Venezuela was going to cut 20 percent of its electricity consumption in a vast consciousness-raising exercise. Instead, electricity consumption is flat year-over-year as small consumers swamp the huge savings imposed on heavy industry.
The breakdown, utility by utility:
Cadafe is the country’s biggest utility, handling 3 million customers, most of them unmetered small businesses and homes in low-income neighborhoods. Their consumption and peak demand rose year-over-year.
Edelca is the utility that handles the biggest users, such as steel mills, aluminum smelters, and municipal water districts. Their consumption and peak demand are down enough to balance out the increased consumption among most other utilities.
EDC is Caracas’s utility. There was a bit of savings there in January. Flat consumption in February. March, which hasn’t been released yet, will very likely show increased consumption year-over-year, as a heat wave caused demand to rise. (Air conditioning is probably the biggest single energy user in Caracas.)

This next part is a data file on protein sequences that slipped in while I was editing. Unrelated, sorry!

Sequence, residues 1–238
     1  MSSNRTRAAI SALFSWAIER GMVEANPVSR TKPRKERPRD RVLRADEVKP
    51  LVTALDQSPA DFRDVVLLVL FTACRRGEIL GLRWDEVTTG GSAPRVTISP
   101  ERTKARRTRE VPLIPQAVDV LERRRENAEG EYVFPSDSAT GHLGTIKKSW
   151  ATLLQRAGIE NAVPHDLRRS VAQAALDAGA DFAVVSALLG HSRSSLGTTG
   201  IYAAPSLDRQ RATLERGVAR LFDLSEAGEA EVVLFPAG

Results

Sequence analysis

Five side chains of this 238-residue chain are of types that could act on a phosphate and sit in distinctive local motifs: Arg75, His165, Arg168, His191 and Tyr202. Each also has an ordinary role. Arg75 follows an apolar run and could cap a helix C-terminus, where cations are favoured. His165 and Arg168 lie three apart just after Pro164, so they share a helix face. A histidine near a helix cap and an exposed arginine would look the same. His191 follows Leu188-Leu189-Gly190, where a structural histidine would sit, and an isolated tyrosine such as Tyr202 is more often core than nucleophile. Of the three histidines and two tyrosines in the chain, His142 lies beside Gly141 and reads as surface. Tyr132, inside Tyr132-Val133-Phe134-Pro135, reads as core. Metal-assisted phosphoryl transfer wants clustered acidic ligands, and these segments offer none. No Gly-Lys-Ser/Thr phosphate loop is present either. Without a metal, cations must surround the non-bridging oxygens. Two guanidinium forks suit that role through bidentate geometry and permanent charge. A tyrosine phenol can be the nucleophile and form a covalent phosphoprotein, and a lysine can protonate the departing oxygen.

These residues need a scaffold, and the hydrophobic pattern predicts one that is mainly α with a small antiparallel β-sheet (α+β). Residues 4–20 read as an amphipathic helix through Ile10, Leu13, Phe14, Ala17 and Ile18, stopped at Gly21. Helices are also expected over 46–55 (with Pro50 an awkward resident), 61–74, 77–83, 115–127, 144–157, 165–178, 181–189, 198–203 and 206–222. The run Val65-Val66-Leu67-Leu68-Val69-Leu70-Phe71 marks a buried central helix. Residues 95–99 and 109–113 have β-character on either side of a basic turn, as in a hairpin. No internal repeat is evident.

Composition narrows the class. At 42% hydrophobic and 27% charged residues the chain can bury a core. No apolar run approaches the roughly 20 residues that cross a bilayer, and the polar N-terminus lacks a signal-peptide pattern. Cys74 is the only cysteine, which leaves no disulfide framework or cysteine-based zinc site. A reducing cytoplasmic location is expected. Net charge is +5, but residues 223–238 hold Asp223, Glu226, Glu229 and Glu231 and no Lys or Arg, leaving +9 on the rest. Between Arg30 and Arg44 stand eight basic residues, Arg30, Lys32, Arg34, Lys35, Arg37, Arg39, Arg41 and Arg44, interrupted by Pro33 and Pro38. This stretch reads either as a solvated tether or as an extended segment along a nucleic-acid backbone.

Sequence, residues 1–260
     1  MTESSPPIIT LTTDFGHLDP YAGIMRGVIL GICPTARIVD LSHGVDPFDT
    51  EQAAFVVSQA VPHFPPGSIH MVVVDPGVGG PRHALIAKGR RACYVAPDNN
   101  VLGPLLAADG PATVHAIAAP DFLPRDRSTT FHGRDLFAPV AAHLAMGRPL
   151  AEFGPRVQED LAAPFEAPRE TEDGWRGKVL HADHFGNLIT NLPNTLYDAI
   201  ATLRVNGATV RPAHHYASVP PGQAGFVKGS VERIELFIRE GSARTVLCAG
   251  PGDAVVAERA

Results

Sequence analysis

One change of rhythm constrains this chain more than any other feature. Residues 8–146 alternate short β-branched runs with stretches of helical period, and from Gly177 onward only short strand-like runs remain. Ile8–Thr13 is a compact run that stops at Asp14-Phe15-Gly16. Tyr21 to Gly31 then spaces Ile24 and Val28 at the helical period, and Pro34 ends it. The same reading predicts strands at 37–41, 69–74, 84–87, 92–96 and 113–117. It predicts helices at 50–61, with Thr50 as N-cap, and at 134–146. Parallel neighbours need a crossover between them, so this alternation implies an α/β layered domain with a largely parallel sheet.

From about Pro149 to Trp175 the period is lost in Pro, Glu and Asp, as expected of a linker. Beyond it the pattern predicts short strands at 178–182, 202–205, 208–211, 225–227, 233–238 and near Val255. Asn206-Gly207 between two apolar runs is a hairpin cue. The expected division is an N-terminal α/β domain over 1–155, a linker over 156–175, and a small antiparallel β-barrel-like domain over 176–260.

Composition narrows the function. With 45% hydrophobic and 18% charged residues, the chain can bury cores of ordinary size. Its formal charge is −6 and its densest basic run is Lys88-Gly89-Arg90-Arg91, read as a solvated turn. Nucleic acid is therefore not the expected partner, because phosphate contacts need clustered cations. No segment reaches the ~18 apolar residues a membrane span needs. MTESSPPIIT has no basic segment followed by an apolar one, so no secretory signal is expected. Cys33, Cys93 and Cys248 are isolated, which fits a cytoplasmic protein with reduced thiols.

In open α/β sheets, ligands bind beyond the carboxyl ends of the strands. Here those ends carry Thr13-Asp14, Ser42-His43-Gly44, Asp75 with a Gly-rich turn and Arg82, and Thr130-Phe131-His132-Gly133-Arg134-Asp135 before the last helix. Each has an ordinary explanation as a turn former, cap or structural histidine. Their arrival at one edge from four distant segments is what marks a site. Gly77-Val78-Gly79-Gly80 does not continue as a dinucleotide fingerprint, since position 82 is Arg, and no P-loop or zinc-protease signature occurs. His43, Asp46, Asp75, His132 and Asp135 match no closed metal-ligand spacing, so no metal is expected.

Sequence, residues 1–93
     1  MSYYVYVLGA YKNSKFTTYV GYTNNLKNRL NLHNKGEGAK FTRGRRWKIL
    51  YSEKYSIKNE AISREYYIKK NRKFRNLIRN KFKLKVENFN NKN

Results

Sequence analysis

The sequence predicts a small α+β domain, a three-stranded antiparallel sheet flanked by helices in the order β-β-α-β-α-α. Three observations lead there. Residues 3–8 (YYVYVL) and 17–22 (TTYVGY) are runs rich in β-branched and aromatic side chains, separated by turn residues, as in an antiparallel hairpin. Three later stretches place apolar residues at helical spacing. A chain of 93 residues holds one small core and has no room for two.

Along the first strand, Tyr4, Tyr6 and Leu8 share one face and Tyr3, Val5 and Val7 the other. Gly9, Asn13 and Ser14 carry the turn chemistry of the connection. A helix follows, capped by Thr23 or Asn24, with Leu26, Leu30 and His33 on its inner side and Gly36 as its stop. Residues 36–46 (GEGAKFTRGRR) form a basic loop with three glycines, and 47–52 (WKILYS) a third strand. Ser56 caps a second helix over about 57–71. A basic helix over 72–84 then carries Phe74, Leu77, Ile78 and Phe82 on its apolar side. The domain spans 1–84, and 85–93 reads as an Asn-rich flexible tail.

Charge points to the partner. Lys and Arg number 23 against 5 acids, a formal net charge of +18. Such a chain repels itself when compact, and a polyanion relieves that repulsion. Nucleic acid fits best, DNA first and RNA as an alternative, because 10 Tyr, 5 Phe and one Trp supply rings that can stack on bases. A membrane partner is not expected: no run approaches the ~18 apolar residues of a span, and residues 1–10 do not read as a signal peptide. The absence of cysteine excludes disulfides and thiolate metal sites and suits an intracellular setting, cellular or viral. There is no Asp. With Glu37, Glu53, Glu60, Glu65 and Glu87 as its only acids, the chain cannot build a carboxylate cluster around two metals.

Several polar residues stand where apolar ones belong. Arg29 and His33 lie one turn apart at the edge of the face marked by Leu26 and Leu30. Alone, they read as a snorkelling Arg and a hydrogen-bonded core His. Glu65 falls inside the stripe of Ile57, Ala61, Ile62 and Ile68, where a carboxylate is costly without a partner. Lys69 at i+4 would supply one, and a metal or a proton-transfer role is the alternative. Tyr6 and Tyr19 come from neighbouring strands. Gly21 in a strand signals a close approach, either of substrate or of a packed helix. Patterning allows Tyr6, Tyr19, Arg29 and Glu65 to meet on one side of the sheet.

Enelven is the utility for Maracaibo, the second-largest city. They actually have a relatively smart version of rationing there, in which neighborhoods are excepted from rolling blackouts for the week if in the prior week they saved at least 10% of their power. Sadly, some smarts haven’t been enough to save electricity, as electricity use surged year-over-year.
Enelval, which covers the industrial city of Valencia, predictably boosted energy use. Factories subjected to unpredictable blackouts are working longer hours to make up for the interruptions, and homes have their air conditioning and refrigerators turned up so when the lights go out, they can stay fresh for a while.
Short version: the heavy industry cuts saved our butts this year. We’ll see if power-plant construction can do the same next year.
(March numbers should be coming soon; I’ll update at that point.)